The attack was conducted jointly by the Lashkar-e-Toiba (LET) and the Jaish-e-Mohammad (JEM). Seven members of the security forces were killed, as were the five still incompletely identified men who carried out the attack.

Following were the charges against Afzal Guru:[4][2]

  • Waging, or attempting to wage war, or abetting waging of war, against the Government of India and Conspiracy to commit the same – Section 121 and 121A of the Indian Penal Code
  • Collecting arms, etc., with intention of waging war against the Government of India – Section 122 of the Indian Penal Code.
  • Criminal conspiracy to commit murder and attempt to commit murder – Section 120B read with Sections 302 & 307 of the Indian Penal Code
  • Conspiring to commit and knowingly facilitating the commission of a terrorist act or acts preparatory to terrorist act and also voluntarily harbouring and concealing the deceased terrorists knowing that such persons were terrorists and were the members of the Jaish-e-Mohammad, a banned terrorist organisation, which is involved in acts of terrorism; and hence committing an offence punishable under Section 3(3) (4) and (5) of Prevention of Terrorism Act, 2002.
  • Possession of INR 10 Lakhs given to him by the terrorists who were killed by the police when they attacked the Parliament of India.

On 15 December 2001, Afzal was arrested by Delhi Police from from Jammu and Kashmir. SAR Geelani was picked up for questioning and was later arrested from Delhi. Two others – Afsan Guru and her husband Shaukat Hussain Guru — were picked up later. On 29 December 2001, Afzal was sent to 10-day police remand. In June 2002, charges were framed against all four of them.[10]. Eighty witnesses were examined for the prosecution and ten were examined for defense.


On 18 December 2002, a death sentence was given to Afzal Guru, S A R Geelani and Shaukat Hussain Guru, while Afsan Guru was let off. In August 2003, Jaish-e-Mohammed leader Ghazi Baba, who was a prime accused in the attack was killed in an encounter with the Border Security Force (BSF) in Srinagar. Three other militants, along with him were also killed in the 10-hour encounter. In October 2003, on an appeal, Delhi High Court upheld the order.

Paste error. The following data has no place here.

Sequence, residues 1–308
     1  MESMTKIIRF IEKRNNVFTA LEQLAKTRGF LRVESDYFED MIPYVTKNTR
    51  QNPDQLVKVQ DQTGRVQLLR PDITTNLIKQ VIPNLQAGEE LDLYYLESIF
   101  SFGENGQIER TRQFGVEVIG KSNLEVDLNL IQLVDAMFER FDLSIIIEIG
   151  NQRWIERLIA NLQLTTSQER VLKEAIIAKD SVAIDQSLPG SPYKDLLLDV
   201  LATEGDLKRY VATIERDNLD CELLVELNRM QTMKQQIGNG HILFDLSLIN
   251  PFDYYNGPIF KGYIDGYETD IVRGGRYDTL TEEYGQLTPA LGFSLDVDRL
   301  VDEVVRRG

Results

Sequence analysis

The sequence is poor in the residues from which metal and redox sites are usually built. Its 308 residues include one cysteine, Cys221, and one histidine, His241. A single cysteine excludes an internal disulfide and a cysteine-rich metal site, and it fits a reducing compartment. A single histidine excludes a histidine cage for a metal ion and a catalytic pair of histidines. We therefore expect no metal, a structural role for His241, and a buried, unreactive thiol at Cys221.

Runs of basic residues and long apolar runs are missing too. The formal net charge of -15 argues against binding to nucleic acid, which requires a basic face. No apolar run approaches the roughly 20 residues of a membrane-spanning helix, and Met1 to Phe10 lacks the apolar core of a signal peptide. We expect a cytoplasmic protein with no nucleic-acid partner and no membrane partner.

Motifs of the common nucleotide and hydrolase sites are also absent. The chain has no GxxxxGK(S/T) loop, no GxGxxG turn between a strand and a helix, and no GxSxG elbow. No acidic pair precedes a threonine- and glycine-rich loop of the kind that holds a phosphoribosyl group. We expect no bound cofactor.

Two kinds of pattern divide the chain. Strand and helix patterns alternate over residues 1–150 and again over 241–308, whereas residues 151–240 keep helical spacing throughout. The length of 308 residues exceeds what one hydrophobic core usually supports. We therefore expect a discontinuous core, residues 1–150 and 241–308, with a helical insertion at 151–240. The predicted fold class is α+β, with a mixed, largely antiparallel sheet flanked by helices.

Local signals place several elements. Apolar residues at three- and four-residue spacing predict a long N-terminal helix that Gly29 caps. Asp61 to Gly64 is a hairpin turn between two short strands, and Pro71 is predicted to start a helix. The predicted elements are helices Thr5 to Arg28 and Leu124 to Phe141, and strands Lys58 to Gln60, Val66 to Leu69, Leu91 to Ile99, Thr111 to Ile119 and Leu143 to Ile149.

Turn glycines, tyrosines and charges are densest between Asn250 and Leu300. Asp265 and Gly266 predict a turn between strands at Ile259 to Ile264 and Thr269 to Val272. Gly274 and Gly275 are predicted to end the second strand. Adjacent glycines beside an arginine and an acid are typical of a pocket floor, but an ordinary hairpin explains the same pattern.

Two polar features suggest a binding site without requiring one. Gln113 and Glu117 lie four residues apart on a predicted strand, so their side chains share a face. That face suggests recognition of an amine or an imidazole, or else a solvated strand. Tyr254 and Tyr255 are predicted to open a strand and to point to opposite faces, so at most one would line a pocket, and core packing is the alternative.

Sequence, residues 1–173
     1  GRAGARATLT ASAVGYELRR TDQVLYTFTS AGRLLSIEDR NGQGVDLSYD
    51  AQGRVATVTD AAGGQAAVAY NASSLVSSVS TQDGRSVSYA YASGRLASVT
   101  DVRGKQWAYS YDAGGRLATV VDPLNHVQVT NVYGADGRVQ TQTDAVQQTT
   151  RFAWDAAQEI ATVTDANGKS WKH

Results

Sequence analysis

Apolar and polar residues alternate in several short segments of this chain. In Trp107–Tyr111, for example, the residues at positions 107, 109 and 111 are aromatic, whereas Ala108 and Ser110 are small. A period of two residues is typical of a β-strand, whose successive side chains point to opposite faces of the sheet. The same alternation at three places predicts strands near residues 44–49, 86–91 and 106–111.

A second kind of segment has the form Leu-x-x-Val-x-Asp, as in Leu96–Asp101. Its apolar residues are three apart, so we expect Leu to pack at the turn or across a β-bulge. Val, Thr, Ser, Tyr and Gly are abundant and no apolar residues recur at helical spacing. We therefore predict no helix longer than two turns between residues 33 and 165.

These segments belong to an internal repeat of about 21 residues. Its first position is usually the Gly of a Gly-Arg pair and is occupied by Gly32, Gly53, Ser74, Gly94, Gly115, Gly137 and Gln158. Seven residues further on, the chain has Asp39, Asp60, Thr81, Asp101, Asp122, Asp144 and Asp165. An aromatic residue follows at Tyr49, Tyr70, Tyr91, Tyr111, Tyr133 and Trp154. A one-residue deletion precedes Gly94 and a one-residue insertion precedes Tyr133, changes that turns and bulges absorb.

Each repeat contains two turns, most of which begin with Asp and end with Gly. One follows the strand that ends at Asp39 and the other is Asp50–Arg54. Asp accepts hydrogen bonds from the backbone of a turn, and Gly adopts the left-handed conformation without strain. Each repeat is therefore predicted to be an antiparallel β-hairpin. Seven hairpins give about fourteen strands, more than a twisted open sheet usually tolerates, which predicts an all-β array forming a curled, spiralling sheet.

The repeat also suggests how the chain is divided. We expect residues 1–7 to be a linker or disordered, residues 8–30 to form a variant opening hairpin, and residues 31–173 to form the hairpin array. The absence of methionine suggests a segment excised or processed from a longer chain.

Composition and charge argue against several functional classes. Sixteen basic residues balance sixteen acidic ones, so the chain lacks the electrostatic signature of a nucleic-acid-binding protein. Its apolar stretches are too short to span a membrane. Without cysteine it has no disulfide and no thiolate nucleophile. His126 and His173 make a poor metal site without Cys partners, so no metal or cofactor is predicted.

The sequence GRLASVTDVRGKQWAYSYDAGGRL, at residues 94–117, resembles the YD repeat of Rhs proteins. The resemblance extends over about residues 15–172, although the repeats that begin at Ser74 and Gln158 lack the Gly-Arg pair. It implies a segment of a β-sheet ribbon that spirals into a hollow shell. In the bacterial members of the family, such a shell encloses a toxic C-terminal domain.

The judgment mentions:

“The gravity of the crime conceived by the conspirators with the potential of causing enormous casualties and dislocating the functioning of the Government as well as disrupting normal life of the people of India is something which cannot be described in words. The incident, which resulted in heavy casualties, has shaken the entire nation and the collective conscience of the society will be satisfied if the capital punishment is awarded to the offender.”[11]

On December 19 2001 he made a confession of the offenses, which was recorded and signed by him. He also confirmed having made the confessional statement without any threat or pressure.[12]

He was convicted for the offenses under Sections 121, 121A, 122, Section 120B read with Sections 302 & 307 read with Section 120B IPC, sub-Sections (2), (3) & (5) of Section 1, 3(4), 4(b)of POTA and Sections 3 & 4 of Explosive Substances Act. He was also sentenced to life imprisonment on as many as eight counts under the provisions of IPC, POTA and Explosive Substances Act in addition to varying amounts of fine.[13]

An appeal was made to the Delhi High Court, but after going through the case and taking into consideration various authorities and precedents, the Court found that the conviction of Afzal Guru was correct and hence his appeal was dismissed.[4] The co-accused in the case, S.A.R Geelani, was acquitted by the high court.[14][15]. Hence, although initially, the death penalty was meted out to S.A.R Geelani (who was presented as the mastermind behind the attack), Afzal Guru and Shaukat Hussain Guru, only Afzal Guru’s death penalty was upheld by the Supreme Court.[15]

In August 2005, Supreme Court, while confirming the death sentence of Afzal Guru, commuted Shaukat Hussain Guru’s death sentence to 10 years of rigorous imprisonment.[7] [10].

In October 2006, Afzal Guru’s wife Tabasum Guru filed a mercy petition with then President A. P. J. Abdul Kalam. In June 2007, Supreme Court dismissed Afzal’s plea seeking review of his death sentence, saying “there is no merit” in it. In December 2010, Shaukat Hussain Guru was released from Delhi’s Tihar Jail due to her good conduct.[10]

In its judgement, the Supreme Court observed:

“As criminal acts took place pursuant to the conspiracy, the appellant, as a party to the conspiracy, shall be deemed to have abetted the offence. In fact, he took active part in a series of steps taken to pursue the objective of conspiracy.”

Supreme Court of India, Judgement on Appeal by Afzal Guru on August 5 2005.[7][16]